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Self-sampling identifies twice as many women at risk of cervical cancer

Press Releases   •   Feb 15, 2018 13:26 GMT

Using self-sampling followed by HPV testing, more than twice as many women at risk of developing cervical cancer could be identified and offered preventive treatment. This is shown by researchers at Uppsala University in the first randomised study in the world comparing two ways of identifying cervical cancer, published today in the British Journal of Cancer.

Cervical cancer screening has previously been based on cell sampling and cytology. This method initially reduced the number of cases of cervical cancer in Sweden substantially, but additional effects have been difficulty to achieve. This is due to the limited sensitivity of the method, and the fact that not all women attend screening.

In the new study, researchers have compared today’s screening based on cytology and sampling by a midwife, with the woman taking a self-sample and submitting it for analysis of human papillomavirus, HPV, which is the cause of cervical cancer.

The study is based on 36,390 women between the ages of 30 and 49 who participated in the organised screening in Uppsala County, 2013–2015. These were divided into two groups: one group performed self-sampling for an HPV test, while the other group had a midwife take a cell sample for cytological analysis. Women who were HPV positive repeated the self-sampling after 4 months and those who were HPV positive in both of their tests were called in for gynaecological examination. During 18 months of follow-up, the number of women with severe cell changes was recorded for both groups.

The results show that self-sampling was received very positively. Of the women who were offered self-sampling, 47% opted to participate, compared with 39% among those who were offered regular cell sampling. Among the women who did self-sampling for HPV testing, more than twice as many with cell changes were found than among those who had a cytology analysis. Also, the time until diagnosis was shorter for those who did self-sampling. Screening based on self-sampling also makes it possible to reach women who have previously chosen not to participate and have a sample taken by a midwife.

Calculations of the health-economic consequences of self-sampling and HPV testing show that the total cost of cervical cancer screening could be halved, while still being twice as effective as current the method. Few changes in healthcare can simultaneously double the effectiveness and halve the cost.


For more information, please contact Ulf Gyllensten, Professor of Medical Molecular Genetics, Phone: +46-708-993413, email: Ulf.Gyllensten@igp.uu.se.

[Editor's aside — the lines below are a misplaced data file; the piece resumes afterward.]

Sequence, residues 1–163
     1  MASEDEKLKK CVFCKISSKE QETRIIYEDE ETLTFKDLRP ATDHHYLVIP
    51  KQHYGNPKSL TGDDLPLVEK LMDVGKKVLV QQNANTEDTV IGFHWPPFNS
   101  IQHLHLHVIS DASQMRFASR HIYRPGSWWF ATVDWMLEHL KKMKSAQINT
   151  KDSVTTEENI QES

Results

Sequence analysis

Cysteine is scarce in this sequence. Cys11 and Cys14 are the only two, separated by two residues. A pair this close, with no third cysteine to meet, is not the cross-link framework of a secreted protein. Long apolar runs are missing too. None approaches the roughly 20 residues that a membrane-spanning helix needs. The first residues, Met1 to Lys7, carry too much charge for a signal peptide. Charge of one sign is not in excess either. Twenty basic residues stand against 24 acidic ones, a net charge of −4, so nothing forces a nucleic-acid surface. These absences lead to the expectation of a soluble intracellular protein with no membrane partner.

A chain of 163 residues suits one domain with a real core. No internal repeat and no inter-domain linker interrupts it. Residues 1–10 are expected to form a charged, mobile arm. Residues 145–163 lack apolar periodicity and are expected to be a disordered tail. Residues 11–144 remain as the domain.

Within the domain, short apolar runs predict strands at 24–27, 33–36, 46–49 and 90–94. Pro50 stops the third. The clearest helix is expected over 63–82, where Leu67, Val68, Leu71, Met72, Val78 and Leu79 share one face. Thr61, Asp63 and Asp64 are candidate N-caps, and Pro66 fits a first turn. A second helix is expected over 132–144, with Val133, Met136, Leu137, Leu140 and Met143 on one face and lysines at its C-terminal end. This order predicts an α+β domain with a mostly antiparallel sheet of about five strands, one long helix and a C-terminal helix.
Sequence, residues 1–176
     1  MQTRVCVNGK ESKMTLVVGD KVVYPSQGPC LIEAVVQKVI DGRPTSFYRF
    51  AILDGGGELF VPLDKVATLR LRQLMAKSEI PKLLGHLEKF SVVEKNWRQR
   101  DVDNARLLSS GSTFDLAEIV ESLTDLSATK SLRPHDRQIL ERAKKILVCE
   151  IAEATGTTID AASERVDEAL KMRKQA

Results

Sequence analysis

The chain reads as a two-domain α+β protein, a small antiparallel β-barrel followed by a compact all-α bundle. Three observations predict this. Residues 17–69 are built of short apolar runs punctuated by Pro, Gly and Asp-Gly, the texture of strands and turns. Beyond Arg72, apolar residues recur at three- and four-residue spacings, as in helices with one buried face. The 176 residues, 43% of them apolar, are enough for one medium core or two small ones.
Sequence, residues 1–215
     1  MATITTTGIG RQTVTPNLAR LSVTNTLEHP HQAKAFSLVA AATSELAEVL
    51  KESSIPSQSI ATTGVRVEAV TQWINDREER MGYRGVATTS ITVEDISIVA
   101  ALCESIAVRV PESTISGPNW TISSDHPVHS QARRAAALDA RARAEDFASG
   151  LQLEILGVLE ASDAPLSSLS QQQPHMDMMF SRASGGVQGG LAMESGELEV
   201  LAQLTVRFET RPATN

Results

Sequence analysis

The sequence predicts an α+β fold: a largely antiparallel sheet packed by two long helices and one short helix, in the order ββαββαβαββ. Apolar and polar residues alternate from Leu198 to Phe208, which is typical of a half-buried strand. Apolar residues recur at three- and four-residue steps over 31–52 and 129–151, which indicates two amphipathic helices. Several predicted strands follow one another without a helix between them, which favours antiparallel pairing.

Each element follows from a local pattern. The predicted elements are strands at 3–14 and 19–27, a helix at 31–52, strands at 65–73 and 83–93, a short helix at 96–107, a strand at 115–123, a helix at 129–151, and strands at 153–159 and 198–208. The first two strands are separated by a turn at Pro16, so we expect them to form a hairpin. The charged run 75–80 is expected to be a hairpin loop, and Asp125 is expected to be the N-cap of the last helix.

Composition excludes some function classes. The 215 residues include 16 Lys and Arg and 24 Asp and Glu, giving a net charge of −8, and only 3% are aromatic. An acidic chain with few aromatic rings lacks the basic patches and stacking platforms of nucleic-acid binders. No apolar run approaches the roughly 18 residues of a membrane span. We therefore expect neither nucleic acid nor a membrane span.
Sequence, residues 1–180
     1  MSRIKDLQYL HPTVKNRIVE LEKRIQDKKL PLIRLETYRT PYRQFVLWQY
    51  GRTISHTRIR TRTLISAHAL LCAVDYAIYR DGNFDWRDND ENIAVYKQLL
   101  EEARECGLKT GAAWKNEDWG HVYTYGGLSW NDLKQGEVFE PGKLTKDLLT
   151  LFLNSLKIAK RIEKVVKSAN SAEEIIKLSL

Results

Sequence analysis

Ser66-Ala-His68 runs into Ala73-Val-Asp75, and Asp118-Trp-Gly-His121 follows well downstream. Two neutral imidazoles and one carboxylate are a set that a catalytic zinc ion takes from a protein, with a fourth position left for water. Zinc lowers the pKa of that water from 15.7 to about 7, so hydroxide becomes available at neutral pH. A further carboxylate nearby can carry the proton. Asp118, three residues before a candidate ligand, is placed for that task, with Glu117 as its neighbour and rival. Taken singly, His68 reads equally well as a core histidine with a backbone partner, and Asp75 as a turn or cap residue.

Inger Gustavsson, Riina Aarnio, Malin Berggrund, Julia Hedlund-Lindberg, Ann-Sofi Strand, Karin Sanner, Ingrid Wikström, Stefan Enroth, Matts Olovsson & Ulf Gyllensten (2018) “Randomised study shows that repeated self-sampling and HPV test has more than two-fold higher detection rate of women with CIN2+ histology than Pap smear cytology”, British Journal of Cancer, doi:10.1038/bjc.2017.485.

Uppsala University -- quality, knowledge, and creativity since 1477
World-class research and outstanding education of global benefit to society, business, and culture.
Uppsala University is one of northern Europe's highest ranked academic institutions. www.uu.se

Using self-sampling followed by HPV testing, more than twice as many women at risk of developing cervical cancer could be identified and offered preventive treatment. This is shown by researchers at Uppsala University in the first randomised study in the world comparing two ways of identifying cervical cancer, published today in the British Journal of Cancer.

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Christina Garsten new principal at SCAS

Press Releases   •   Feb 14, 2018 13:15 GMT

Christina Garsten has been appointed new principal at the Swedish Collegium for Advanced Study (SCAS). She succeeds Björn Wittrock, who was one of the three founding directors of the Collegium. Garsten will take office on 15 August, 2018.

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Type-2 diabetes: insulin held up in traffic

Press Releases   •   Feb 06, 2018 17:00 GMT

In a new study, researchers from the universities of Uppsala and Lund show why insulin secretion is not working properly in patients suffering from type-2 diabetes. The report is published in the journal Cell Metabolism.

Type 2 diabetes is a major public health issue with globally more than 400 million individuals affected. Both lifestyle and hereditary components contribute to the disease. The main problem is insufficient secretion of the blood glucose-lowering hormone insulin, which is produced by β-cells within the pancreas and secreted into the bloodstream after a meal. A team led by Sebastian Barg at Uppsala University has now discovered that this is due to a defect that slows down the traffic of insulin packages out of the β-cell. Insulin is released when small insulin-containing vesicles fuse with the cell membrane, which ejects the hormone into the bloodstream. For this to happen, each of the vesicles must first attach to the cell membrane and allow its secretion machinery to be assembled.